After another night in the meanwhile well-known youth hostel an marvellous sunrise welcomed me at Tsuiki, and waiting in the early morning sun I could hear the first jet engines running. But this was only the test run, as when they finally taxied out, the clouds were there was well… The only thing that raised my humour was the fact, that the first F-2A was the special marked one, which was nearly un-photographable two days before during the show.
And to make a long story short: F-15s were still grounded, and the F-2s flew three times that day, but not once the special marked jet either taxied, took-off or landed in good light. Well, sometimes you win, sometimes you loose... But if it is on such a trip, such things are especially annoying.
For the last landing shortly before dawn I decided to try the 'Spotter Hill' on the other side of the airfield which gave some nice results of the F-2s rolling out, trailing their bright yellow breaking chutes behind them.
On the hill an elderly man also approached me and told me stories when Tsuiki and Kanoya where the starting point for Kamikaze, or Tokkotai as he called them, pilots and when these airfields have been attacked by F6F or F4U. Quite a memorable meeting once again! The evening was marked again by the long drive from Tsuiki to Nyutabaru along Route 10, a trip that is around 270km, takes around 5,5h and – I counted it during this drive – brings you along approximately 270 traffic lights!
Wednesday morning started very well with the full moon being visible at sunrise and the first Phantoms taking already before 8am. Fortunately the Eagles were also airborne after the two-day grounding and the Aggressor left for their first mission of the day at 9, just after the Phantoms have returned. But after they take-off the first two aircraft did an unusual fly-past over the airfield, which was a vague indication that their solo display might start. I thus headed from the famous morning taxi-spot to the field on the south side and was delighted by the rehearsal for their display routine, during which the F-15s presented their topsides very nicely!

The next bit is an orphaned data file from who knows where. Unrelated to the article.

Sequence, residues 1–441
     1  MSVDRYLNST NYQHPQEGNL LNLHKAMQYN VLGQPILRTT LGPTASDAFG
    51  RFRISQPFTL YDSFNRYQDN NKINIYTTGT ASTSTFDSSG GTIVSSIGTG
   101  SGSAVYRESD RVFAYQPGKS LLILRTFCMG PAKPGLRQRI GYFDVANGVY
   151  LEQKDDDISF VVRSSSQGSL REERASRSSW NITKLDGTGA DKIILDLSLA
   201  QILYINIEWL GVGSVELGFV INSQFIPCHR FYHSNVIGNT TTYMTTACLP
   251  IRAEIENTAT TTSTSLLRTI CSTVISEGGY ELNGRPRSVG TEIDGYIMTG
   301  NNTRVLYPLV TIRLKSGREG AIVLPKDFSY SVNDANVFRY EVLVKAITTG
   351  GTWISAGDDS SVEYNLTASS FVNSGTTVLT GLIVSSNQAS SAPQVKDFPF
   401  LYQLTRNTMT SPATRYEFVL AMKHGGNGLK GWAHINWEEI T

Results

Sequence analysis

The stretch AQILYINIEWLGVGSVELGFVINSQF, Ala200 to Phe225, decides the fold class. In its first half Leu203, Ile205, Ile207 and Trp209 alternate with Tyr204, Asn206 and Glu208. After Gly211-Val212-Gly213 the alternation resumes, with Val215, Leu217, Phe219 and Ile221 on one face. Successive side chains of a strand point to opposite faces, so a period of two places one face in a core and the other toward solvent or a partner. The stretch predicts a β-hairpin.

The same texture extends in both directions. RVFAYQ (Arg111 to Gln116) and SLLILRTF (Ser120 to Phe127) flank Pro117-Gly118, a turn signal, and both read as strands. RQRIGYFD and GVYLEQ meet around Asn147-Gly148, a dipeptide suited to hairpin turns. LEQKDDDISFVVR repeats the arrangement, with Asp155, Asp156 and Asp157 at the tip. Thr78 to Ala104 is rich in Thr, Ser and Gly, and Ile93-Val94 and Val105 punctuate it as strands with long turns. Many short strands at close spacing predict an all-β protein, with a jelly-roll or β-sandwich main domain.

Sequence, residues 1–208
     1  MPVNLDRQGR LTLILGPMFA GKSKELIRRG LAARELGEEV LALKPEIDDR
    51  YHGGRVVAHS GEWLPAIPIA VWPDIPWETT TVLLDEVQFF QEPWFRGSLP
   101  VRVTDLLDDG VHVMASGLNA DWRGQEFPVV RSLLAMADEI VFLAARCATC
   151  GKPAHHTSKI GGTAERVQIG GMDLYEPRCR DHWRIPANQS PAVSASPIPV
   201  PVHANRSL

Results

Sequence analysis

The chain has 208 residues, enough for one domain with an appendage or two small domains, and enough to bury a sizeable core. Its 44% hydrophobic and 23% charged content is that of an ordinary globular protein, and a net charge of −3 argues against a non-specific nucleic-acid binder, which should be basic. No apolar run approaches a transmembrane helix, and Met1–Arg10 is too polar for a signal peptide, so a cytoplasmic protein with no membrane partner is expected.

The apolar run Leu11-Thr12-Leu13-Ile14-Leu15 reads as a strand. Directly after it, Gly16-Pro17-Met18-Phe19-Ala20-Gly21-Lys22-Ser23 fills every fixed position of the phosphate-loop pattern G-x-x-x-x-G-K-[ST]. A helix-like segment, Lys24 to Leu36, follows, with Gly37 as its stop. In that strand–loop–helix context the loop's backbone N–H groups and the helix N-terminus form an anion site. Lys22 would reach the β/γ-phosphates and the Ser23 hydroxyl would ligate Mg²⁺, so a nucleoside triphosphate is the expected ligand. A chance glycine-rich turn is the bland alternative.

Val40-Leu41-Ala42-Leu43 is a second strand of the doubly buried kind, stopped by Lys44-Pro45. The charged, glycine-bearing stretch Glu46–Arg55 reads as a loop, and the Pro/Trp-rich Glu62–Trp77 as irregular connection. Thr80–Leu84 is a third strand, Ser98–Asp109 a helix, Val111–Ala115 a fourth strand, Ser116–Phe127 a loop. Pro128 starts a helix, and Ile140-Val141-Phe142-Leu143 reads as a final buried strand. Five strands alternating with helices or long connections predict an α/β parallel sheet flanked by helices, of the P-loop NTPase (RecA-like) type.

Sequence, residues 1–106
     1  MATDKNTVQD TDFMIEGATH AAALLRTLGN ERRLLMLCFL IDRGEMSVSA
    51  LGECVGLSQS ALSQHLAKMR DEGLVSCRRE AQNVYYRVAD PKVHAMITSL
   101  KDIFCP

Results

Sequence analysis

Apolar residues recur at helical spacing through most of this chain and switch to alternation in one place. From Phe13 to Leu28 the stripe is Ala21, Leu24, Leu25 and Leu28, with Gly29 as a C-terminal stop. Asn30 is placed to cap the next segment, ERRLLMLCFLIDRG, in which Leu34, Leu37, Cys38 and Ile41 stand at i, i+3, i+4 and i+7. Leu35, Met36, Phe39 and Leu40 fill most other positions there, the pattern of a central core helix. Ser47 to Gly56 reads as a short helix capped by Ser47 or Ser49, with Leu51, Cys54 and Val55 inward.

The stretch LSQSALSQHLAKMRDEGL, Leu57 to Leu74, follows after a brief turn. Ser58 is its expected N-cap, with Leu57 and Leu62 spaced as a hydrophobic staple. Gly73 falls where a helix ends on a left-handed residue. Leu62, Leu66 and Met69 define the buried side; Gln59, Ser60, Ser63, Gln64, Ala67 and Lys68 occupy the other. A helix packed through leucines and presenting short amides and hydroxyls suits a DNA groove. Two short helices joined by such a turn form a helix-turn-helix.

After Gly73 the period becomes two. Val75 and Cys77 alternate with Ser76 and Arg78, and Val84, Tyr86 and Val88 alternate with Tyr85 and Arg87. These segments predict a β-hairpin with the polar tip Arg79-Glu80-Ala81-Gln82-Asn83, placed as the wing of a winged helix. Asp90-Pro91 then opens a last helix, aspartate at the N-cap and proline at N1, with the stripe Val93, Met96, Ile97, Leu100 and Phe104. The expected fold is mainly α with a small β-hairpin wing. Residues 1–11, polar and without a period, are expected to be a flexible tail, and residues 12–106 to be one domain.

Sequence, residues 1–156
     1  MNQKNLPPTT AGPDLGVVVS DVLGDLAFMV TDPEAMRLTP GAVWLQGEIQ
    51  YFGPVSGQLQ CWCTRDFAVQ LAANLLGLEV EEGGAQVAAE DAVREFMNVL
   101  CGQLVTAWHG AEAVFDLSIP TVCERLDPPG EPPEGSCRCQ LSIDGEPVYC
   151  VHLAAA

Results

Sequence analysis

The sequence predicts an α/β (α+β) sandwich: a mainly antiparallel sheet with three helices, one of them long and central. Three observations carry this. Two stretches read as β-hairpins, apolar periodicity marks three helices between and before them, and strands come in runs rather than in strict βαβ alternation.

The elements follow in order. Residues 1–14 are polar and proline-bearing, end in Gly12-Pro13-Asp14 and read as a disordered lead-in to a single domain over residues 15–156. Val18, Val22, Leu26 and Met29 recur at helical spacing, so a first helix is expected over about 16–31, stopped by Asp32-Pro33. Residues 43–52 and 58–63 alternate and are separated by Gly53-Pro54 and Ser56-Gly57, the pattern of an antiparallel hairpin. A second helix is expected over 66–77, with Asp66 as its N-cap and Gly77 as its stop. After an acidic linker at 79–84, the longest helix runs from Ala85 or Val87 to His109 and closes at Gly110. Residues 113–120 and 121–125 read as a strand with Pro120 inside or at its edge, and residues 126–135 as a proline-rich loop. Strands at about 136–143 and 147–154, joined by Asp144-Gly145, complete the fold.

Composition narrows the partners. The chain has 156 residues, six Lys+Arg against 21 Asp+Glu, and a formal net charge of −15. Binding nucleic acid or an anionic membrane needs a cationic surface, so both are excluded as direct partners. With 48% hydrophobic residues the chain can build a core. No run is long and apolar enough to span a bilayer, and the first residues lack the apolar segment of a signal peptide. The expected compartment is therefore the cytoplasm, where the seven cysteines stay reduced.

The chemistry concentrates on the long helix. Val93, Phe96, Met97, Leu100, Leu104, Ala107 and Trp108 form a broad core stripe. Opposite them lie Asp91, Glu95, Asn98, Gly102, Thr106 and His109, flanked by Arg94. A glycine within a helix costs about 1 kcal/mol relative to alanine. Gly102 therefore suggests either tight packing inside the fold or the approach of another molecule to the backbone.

All along the day there was then an uninterrupted activity of the Phantom Squadron, the Aggressors and the Eagle Training Squadron, providing enough possibilities to try out some new photo spots for the take-offs and landings. And those were necessary as the construction all along the runway was ruining nearly every photo of the take-offs or landings when the aircraft were still close to the ground. And with the airshow coming the next week-end many Japanese photographers were already besieging the airfield to get a glimpse of all the rehearsal taking place and the photograph the regular flying activity.
When the last F-15 finally touched down at the last rays of sunlight, it was also time for me to leave and head towards the Youth Hostel at Miyakonojo.
With the help of the GPS it was found without difficulties, but I unfortunately had to learn that it was full that night. This was a completely new experience for me as I have never been in a Japanese Youth Hostel before that was completely occupied. Fortunately I was granted to use the hot bath and then headed on towards Kanoya.
Thursday morning started at 5:00am, with raindrops dripping on my car. After the last bad experience at Kanoya in 2008 and a whole day of rain and fog I did not dare to stay any longer. Even before I was completely awake, I was again on the road driving back the 2h to Nyutabaru in the hope that the weather might be at least a bit better there. And if not, there would be at least some jets flying.
Unfortunately the weather did not change that much, but it wasn't raining. The flight activity was normal, however due to the overcast any display rehearsal was cancelled in the early morning and looking and the grey background taking photos did not make that much sense… Fortunately the clouds broke up a little around midday and the second take-off of the Aggressors this day saw some sun.